Disintermediation: Applying science to art
To some extent, this is a blog post about a blog post. But it’s also about a larger concept that has relevance to both communicators and other professionals who are experts in fields that rely upon being highly skilled in human interaction.
The blog post is a very short one, written by Ari Meisel on his ‘Less Doing, More Living’ blog. It outlines a very simple process by which he, a small business owner, has created a mostly-automated, high-quality way to screen and hire applicants for roles at his company. Take a few minutes to read the blog post now.
The greater concept Ari is leveraging here beyond simple automation of some tasks, which he is insanely good at doing, is called disintermediation (link goes to the Wikipedia definition). Whether you realize it or not, your job has been in danger of disappearing due to disintermediation since the dawn of the information age. For a long time, marketers, HR professionals, and communicators have told themselves that the ‘art’ portion of their profession would insulate them from automation, optimization, outsourcing, and other corporate cost-cutting solutions that rely on technology.
If you still think that way, it’s time to get acquainted with disintermediation. In non-economic terms, think of it as cutting out the middle-person. Oh, and by the way, that middle person is probably you.
I can already hear you protesting:
- You can’t outsource or automate communication strategy!
- Human judgement in candidate selection and resume selection can’t be replaced by a script!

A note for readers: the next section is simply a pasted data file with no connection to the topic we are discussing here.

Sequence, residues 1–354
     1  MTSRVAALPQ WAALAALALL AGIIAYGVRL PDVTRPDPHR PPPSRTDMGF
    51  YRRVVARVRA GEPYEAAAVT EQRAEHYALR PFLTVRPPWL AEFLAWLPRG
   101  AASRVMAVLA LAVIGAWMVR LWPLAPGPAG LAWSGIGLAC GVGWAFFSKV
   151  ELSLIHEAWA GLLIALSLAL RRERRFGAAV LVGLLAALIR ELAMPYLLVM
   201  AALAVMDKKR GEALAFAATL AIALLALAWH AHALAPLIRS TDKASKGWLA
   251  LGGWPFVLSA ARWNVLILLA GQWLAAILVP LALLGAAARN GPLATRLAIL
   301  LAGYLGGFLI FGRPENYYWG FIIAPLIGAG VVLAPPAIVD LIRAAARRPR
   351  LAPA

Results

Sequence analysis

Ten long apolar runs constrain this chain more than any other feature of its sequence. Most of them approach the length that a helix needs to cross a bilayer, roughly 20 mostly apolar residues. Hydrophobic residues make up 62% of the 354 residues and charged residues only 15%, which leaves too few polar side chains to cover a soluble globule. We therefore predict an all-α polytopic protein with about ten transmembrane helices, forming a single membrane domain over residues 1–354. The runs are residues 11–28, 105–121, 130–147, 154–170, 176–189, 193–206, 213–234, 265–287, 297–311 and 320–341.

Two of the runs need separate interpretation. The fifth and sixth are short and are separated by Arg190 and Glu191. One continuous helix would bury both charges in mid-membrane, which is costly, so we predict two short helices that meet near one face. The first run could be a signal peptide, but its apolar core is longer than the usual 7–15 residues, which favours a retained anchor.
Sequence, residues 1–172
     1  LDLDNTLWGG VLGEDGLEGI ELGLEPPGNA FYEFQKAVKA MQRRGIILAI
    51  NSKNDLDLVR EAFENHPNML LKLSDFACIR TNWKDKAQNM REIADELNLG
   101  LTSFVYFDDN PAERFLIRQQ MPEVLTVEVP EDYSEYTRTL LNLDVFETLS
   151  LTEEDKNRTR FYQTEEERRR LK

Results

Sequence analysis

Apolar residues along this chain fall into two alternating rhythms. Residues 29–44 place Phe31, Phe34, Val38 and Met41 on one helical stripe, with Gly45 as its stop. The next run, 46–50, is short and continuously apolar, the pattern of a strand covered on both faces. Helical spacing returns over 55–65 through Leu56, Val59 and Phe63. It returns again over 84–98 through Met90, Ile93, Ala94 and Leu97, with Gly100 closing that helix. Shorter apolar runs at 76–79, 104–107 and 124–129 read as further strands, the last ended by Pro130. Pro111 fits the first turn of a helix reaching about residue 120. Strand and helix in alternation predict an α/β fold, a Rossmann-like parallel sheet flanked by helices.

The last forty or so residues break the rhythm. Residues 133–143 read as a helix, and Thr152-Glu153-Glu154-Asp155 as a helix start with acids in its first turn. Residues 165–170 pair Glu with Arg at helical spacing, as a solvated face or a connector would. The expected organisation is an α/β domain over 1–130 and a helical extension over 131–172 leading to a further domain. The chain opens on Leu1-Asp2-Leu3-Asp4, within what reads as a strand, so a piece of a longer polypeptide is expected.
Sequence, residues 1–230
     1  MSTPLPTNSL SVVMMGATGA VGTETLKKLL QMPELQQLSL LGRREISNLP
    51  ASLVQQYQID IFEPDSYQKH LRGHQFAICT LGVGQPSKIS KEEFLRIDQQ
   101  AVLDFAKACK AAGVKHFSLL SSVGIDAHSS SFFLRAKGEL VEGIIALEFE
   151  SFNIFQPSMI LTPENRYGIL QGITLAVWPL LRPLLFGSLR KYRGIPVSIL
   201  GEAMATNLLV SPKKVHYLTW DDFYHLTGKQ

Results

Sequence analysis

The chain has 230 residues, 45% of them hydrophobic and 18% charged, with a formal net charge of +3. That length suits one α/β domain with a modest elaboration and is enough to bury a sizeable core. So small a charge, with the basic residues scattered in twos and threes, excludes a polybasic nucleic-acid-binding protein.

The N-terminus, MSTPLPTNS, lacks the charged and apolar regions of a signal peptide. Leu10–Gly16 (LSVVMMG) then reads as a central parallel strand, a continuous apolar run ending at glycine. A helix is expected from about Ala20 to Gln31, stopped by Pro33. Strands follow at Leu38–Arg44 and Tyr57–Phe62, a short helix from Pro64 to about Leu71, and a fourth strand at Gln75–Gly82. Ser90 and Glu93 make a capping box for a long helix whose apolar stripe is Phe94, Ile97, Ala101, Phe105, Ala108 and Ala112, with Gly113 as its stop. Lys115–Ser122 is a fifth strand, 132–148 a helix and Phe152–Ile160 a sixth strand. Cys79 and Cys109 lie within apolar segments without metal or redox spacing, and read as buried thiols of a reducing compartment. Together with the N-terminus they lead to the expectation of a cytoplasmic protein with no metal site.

- Public and media relations thrives on relationships between people!
All of those are true statements. But these statements are also true:
- I recently completed a consulting contract where I helped script a chatbot for a health services organization’s HR department to field basic benefits inquiries like “How much time off do I have” or “What are the deductible limits in my health care plan?” My client company estimates that will save at least 6 hours a week for their HR manager and allow them to avoid hiring on an intern to help them with open enrollment as they have done in previous years.
- Meisel demonstrates in his post that is possible to remove several layers of HR professionals from the recruiting process at a very small company thanks to some automation. Talent essentially screens itself out, and only the very best candidates are advanced for review by the hiring manager. Imagine if Ford, Microsoft or your company decided to apply similar technologies to their hiring process and the corresponding impact on their HR hiring needs…
- Journalists continue to be frustrated with the state of online press resources made available by companies, which quite frankly is the reason why they try to reach a human in the first place. With better online pressroom technologies such as chatbot-assisted search, better SEO, and automated media monitoring tools, the number of public relations professionals required to field media inquiries is already dropping.
- Companies like Narrative Science are making real advances in writing clear, understandable stories about data, all without input from humans. If you are a corporate communications or investor relations professional, you should be watching what they do very closely and thinking about the ways you can add value beyond storytelling.
Disintermediation. I hope you can see the pattern here. Your career depends on it.
Part of the goal of my blog is to expose both the art and science necessary to deliver exceptional business communications. But another significant part is to alert my readers to the very real steps they need to take in their careers to re-skill and stay ahead of the evolving technologies that impact our jobs.
As we are freed from more and more repetitive tasks by science, it’s up to us to envision the new art necessary to take what we do to the next level. Or risk joining buggy-whip manufacturers and interview schedulers in the unemployment lines.
Thanks to the Less Doing team for their inspiration to finally write this post, which has been rattling around my brain for a while. If you'd like to learn more about me and the services that I offer, visit the About page. I'm working on a chatbot to answer questions about my background, but it's still a work in progress.